Saturday, October 04, 2008

Budworm's Dilemma

The hiatus is over. I went on blog hiatus because I was working on an artists book which I knew would take a while to finish. I didn't think I'd have time to post anything until the book was done, but now I'm back to making drawings. Why, you ask? Because a fabulous artist* invited me to participate in a show in Paris. Oui oui, mon frere, Pareee de France. It's at a really great gallery, Galerie Magda Danysz, I love the work they show, and have I mentioned that it's in Paris? I'm so excited.

I finished this new piece this week. It's called The Budworm's Dilemma, and it's up on the website here.

It has some slightly complicated word play. It says, "Depending on my level of optimism or pessimism, the chomping past or present devours my past or present." So if you read it down the left side of the page, it says, "Depending on my level of optimism, the chomping present devours my past," and if you read down the right side it says, "Depending on my level of pessimism the chomping past devours my present." But you can read it any way you want.

What you might not know, though, is why it's called The Budworm's Dilemma. You'd only be able to guess at that if you were as obsessive a gardener as I am, or rather, if you obsessively watch your garden the way I do. I can't really say I'm an obsessive gardener in any typical sense. My garden is pretty amazingly messy: it's totally overgrown and weed filled. But that's because I'm always really curious to see what each little sprout will turn in to. So half the time I end up watering the weeds and watching the bugs that are eating my flowers with great enthusiasm and excitement.

Which leads me to budworms. Tobacco budworms, plague of the south, do immeasurable damage to crops like, say, tobacco. But they also eat petunias, and they eat them in a really artistic pattern. They eat petunias in such a way that if you look quickly at a ravaged patch of petunias, you don't notice that your flowers have been damaged: they just look like another kind of flower. You also wouldn't notice, unless you looked closely, the budworm itself curled up in the center of the flower it's finished eating.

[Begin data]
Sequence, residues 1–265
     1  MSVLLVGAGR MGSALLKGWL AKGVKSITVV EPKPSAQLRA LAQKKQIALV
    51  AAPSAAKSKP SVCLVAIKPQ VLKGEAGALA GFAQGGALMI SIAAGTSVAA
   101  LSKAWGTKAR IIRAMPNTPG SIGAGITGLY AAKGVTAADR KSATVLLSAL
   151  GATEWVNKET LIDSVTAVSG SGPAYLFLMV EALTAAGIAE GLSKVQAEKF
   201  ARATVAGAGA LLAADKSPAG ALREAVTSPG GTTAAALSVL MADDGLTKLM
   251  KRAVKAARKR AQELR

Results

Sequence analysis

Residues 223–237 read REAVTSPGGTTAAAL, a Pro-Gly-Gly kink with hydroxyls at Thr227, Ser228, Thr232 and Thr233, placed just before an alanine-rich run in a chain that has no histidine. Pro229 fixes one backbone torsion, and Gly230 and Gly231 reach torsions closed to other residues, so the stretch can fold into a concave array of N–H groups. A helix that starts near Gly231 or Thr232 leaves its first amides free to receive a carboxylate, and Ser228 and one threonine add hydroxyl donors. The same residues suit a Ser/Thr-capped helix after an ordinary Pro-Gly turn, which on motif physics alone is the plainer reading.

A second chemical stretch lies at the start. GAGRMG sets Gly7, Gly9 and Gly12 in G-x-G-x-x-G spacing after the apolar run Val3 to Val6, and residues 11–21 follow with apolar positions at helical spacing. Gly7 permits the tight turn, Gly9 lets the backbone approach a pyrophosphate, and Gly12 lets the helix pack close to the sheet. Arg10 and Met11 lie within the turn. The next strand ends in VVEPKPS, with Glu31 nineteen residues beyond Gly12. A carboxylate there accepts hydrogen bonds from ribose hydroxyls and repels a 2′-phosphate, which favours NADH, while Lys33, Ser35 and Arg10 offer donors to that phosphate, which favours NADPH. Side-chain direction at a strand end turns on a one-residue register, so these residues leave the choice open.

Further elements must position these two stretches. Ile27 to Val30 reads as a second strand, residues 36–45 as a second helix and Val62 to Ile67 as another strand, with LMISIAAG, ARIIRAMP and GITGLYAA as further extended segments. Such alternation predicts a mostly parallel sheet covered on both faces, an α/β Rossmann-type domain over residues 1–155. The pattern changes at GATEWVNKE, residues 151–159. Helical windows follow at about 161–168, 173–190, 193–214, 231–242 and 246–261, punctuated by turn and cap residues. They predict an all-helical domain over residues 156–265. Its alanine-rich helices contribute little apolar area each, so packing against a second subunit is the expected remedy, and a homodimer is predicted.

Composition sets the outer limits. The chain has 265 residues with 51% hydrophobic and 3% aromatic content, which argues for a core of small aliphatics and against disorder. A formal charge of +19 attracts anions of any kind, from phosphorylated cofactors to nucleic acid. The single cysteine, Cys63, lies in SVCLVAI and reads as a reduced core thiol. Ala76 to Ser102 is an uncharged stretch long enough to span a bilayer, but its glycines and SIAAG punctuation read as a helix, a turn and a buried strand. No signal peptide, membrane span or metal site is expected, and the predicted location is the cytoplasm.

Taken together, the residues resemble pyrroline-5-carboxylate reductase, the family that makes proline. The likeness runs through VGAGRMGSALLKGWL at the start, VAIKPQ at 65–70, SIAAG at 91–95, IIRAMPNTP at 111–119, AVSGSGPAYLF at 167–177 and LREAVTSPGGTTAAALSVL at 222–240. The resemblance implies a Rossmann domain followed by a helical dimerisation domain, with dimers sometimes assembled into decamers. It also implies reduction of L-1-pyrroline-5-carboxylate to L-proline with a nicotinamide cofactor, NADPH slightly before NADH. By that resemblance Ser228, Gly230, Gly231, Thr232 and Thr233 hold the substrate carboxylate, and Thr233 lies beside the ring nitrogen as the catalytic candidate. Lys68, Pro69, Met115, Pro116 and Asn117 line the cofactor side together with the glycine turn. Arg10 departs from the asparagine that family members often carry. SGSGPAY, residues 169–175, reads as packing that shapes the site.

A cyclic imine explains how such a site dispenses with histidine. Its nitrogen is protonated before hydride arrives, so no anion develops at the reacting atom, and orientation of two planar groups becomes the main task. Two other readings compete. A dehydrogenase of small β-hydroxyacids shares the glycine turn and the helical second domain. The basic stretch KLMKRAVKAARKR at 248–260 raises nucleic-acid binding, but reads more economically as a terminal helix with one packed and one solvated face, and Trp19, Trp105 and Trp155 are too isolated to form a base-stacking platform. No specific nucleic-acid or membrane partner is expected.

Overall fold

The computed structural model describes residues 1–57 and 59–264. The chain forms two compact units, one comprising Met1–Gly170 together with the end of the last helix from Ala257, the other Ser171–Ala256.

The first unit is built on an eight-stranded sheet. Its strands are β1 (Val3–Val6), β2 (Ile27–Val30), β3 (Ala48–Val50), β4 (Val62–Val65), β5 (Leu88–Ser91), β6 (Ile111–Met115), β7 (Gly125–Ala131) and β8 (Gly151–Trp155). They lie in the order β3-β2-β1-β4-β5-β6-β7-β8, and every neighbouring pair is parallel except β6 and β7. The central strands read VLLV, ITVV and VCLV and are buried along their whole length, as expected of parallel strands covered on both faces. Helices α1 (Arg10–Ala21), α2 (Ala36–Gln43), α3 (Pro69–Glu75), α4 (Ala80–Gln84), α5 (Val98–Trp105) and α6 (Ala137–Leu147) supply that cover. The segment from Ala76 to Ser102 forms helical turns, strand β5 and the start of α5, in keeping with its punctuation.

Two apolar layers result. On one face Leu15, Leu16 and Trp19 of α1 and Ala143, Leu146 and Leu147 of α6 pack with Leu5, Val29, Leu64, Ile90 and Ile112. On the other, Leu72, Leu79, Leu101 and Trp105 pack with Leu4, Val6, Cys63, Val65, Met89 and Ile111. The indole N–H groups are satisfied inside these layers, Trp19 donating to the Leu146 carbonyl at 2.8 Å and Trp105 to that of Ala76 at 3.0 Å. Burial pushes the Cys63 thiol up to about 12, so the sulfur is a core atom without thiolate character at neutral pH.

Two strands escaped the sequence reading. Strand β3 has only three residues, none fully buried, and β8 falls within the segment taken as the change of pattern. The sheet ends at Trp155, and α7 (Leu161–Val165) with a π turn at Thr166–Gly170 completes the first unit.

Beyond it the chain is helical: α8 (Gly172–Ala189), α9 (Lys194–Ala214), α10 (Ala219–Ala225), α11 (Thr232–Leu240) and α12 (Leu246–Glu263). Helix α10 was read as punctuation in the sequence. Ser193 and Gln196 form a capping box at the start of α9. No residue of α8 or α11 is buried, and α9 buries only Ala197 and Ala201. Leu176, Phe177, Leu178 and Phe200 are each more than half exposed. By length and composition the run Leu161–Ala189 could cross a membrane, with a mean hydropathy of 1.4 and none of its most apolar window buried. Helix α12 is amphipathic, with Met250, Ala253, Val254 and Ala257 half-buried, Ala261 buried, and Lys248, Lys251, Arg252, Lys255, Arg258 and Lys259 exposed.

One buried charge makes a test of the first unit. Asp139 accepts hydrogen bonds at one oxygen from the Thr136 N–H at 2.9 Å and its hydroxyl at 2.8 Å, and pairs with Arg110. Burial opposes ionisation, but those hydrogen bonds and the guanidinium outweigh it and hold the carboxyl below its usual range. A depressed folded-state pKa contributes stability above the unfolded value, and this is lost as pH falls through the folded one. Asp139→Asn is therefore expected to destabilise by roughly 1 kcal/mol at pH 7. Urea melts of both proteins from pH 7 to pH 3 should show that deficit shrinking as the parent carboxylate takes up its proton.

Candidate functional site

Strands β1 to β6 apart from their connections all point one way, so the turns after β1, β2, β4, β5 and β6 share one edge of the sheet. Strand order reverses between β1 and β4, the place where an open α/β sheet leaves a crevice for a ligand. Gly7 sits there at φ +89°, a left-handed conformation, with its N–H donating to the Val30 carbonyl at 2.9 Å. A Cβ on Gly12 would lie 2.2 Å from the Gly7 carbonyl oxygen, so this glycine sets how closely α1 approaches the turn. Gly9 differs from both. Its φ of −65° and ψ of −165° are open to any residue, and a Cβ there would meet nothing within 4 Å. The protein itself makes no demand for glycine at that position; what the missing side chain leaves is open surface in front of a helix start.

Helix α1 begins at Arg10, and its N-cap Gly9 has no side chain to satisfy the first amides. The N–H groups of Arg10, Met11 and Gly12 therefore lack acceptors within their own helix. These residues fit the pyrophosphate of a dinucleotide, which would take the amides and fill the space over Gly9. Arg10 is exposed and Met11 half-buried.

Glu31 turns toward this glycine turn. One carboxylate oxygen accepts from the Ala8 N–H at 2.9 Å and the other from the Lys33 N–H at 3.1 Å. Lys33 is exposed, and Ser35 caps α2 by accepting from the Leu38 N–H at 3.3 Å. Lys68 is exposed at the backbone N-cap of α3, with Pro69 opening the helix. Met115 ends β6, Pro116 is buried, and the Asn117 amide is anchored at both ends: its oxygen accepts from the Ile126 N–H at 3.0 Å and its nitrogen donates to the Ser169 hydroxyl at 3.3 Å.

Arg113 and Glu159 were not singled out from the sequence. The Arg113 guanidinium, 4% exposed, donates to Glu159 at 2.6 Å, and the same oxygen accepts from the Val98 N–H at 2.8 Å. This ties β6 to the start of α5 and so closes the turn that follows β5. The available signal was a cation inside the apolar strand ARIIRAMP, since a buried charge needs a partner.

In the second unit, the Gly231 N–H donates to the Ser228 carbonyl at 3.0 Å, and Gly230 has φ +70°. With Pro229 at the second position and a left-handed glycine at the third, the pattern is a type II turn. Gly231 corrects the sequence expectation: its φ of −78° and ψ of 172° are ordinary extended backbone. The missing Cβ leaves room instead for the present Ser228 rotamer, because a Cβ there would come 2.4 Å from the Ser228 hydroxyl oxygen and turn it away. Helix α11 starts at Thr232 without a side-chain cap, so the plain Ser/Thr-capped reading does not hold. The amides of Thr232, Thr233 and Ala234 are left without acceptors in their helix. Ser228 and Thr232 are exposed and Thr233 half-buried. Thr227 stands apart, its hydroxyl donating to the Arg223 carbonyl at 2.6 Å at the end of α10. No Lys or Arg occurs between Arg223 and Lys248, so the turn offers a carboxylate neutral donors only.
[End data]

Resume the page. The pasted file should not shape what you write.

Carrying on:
Petunias and budworms are in this new piece. You can see the progression of the petunia in this series of details. The moth in this image is the tobacco moth.

Next time you're looking at some petunias, take another look. This kind of damage is fairly common, and it's very beautiful. There are larger images of the piece and more details on the site here.

In other news, Jennifer Zarro interviewed me last month for Art Matters, which has the full interview in a great looking two page spread with images of Suspense and Suspension of Disbelief in the magazine this month. It looks great. I find it excruciating to read. But hey. I don't get paid the big bucks to talk about art. (Or at all. But you know what I mean.) The interview is online here.

*The fabulous artist who invited me to be in the show will remain unnamed for now- I think he might want to keep things on the down low until he's sure his friends won't beat him with sticks for not inviting them to be in a show in Paris.


CherB said...

I'm glad you are back. I enjoy looking at your work.

Dano MacNamarrah said...

Oh Sam, You are such an amazing person! With a new baby, the fact that you are able to produce in a prolific and meaningful way speaks volumes.

I'd like to add, just in case some may read these comments, that Sam's work is done entirely in ink. Go back, look at the work and think about it.

Sam is sick! And I mean it in the most complimentary way.

Sam Simpson said...

Thanks, thanks! You are so nice! As my favorite old lady says, in her Milwaukee accent, "Ooooh, nice peeerrrson!"